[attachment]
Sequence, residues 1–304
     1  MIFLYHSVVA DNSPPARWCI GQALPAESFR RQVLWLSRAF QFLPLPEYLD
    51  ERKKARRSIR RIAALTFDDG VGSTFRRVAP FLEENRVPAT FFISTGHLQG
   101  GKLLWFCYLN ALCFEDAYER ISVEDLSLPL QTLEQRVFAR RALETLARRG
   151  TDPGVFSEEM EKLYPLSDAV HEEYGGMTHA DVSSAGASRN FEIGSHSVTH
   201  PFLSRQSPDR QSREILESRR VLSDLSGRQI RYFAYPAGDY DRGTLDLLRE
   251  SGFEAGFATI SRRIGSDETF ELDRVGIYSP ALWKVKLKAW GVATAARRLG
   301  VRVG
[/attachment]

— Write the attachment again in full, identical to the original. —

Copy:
Sequence, residues 1–304
     1  MIFLYHSVVA DNSPPARWCI GQALPAESFR RQVLWLSRAF QFLPLPEYLD
    51  ERKKARRSIR RIAALTFDDG VGSTFRRVAP FLEENRVPAT FFISTGHLQG
   101  GKLLWFCYLN ALCFEDAYER ISVEDLSLPL QTLEQRVFAR RALETLARRG
   151  TDPGVFSEEM EKLYPLSDAV HEEYGGMTHA DVSSAGASRN FEIGSHSVTH
   201  PFLSRQSPDR QSREILESRR VLSDLSGRQI RYFAYPAGDY DRGTLDLLRE
   251  SGFEAGFATI SRRIGSDETF ELDRVGIYSP ALWKVKLKAW GVATAARRLG
   301  VRVG